"We've built a lot of highways and the roads are filling up," he explains. "Congestion will continue to get worse, no matter how many roads we build."
Ga. 400 has become metro Atlanta's Main Street. The highway curves through our epicenters of commerce; it reinforces Atlanta's nouveau-riche boomtown status by connecting CEOs to their office suites and the affluent to their season-ticket seats; it vividly showcases in its slug-like crawl our utter reliance on our cars to take us to work, school and the mall; and it embodies for many a link to the good life of a five-bedroom house far removed from the dingy chaos of the inner city.
The key to understanding the bi-directional morass of Ga. 400 is Alpharetta. For many years a sleepy patchwork of horse pastures and rural homesteads, the city is now home to arguably the hottest office market in metro Atlanta and one that barely existed five years ago. The Ga. 400 corridor north of Northridge Road now contains nearly 10 million square feet of office space, about 9 percent of the entire Atlanta market.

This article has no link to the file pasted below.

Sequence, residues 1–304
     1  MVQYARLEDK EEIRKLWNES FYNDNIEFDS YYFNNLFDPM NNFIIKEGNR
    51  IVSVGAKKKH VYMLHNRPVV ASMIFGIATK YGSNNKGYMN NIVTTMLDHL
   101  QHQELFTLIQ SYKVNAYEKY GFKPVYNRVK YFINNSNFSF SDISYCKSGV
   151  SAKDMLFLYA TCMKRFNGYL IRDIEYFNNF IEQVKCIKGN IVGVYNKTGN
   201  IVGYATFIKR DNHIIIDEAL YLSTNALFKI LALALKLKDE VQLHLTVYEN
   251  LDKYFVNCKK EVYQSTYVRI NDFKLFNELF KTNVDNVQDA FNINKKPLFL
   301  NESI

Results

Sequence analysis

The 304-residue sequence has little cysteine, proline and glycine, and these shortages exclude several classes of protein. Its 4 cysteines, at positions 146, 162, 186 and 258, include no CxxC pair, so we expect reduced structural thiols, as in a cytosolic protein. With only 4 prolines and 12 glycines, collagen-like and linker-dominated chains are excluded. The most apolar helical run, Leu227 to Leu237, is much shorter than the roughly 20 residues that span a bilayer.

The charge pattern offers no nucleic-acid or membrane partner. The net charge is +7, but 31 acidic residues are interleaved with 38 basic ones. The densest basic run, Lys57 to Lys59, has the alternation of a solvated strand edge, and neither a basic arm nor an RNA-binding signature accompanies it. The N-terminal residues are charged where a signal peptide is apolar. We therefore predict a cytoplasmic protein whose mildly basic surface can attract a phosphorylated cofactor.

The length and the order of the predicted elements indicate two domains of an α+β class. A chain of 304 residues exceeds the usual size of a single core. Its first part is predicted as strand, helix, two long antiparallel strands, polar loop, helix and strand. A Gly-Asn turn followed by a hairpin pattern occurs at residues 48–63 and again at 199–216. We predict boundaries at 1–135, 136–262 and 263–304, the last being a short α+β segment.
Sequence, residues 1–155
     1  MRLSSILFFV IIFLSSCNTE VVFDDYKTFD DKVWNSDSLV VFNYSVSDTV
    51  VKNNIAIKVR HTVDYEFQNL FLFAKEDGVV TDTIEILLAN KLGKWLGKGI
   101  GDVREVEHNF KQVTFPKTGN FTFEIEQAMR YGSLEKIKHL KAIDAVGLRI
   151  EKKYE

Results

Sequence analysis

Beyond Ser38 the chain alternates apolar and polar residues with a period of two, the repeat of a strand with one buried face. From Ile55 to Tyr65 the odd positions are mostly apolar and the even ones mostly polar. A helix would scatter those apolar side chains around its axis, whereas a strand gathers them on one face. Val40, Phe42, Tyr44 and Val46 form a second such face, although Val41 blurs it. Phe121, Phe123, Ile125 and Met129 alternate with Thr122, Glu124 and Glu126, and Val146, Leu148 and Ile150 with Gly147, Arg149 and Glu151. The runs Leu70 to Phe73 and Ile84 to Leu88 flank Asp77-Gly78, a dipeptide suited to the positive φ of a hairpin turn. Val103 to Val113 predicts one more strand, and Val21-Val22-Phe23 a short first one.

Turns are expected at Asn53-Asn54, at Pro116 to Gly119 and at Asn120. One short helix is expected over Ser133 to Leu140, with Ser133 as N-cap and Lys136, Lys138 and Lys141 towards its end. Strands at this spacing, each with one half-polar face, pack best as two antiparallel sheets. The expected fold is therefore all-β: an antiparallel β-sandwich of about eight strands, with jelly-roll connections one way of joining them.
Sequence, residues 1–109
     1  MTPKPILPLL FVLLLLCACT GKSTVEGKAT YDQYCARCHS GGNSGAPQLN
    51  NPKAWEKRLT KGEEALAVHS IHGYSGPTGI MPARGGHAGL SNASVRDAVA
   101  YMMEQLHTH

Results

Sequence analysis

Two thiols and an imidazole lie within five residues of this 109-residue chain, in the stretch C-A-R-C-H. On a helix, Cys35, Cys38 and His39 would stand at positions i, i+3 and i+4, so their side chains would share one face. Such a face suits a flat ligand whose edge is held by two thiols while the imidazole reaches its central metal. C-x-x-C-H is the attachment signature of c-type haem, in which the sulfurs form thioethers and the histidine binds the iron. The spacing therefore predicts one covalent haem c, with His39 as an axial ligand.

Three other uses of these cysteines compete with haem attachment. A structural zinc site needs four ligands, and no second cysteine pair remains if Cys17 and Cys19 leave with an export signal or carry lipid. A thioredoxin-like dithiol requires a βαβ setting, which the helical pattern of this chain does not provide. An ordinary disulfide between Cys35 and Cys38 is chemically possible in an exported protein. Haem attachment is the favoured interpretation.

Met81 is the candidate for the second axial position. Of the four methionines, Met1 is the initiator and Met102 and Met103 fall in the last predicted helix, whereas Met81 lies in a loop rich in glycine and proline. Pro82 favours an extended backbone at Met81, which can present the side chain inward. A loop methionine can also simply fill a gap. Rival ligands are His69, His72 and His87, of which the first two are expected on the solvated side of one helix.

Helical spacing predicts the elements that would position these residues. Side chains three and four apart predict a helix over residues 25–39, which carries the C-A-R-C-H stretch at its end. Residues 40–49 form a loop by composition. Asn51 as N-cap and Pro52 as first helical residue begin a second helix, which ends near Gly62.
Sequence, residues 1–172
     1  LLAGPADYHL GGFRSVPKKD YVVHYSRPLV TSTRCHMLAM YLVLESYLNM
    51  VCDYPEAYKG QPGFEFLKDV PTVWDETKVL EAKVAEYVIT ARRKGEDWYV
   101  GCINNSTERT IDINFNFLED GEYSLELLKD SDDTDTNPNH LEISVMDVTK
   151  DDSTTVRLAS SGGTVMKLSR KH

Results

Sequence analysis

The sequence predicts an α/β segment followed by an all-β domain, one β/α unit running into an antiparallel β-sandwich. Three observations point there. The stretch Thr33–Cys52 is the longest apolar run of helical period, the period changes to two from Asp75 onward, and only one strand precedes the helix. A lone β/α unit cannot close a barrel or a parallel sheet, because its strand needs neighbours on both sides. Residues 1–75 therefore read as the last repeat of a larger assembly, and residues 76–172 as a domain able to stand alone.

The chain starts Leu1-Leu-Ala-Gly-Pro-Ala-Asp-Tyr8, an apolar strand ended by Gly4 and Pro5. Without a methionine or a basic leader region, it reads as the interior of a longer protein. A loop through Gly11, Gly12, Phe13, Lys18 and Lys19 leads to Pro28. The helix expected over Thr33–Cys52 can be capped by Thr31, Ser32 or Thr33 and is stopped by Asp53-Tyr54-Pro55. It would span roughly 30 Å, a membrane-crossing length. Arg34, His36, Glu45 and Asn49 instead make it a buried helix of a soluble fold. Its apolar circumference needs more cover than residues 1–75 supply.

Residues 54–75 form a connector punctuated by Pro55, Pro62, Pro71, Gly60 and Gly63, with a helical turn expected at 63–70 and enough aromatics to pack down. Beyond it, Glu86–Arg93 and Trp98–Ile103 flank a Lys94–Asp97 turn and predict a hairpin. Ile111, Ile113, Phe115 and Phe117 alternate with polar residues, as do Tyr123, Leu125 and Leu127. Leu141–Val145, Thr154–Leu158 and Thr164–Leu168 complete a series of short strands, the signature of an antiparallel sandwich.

And the key to understanding the new Alpharetta is the Windward development, nestled against the Forsyth County line. From the exit ramp at Windward Parkway, 20 miles from the northern city limits of Atlanta, the traveler can catch his first glimpse of the North Georgia mountains. In the late '70s, Mobil Land Development, an offshoot of the oil company, eyed north Fulton as the perfect site for a "master plan community," an uber-subdivision and office park carved out of 3,400 acres of former farm land on the east side of Ga. 400.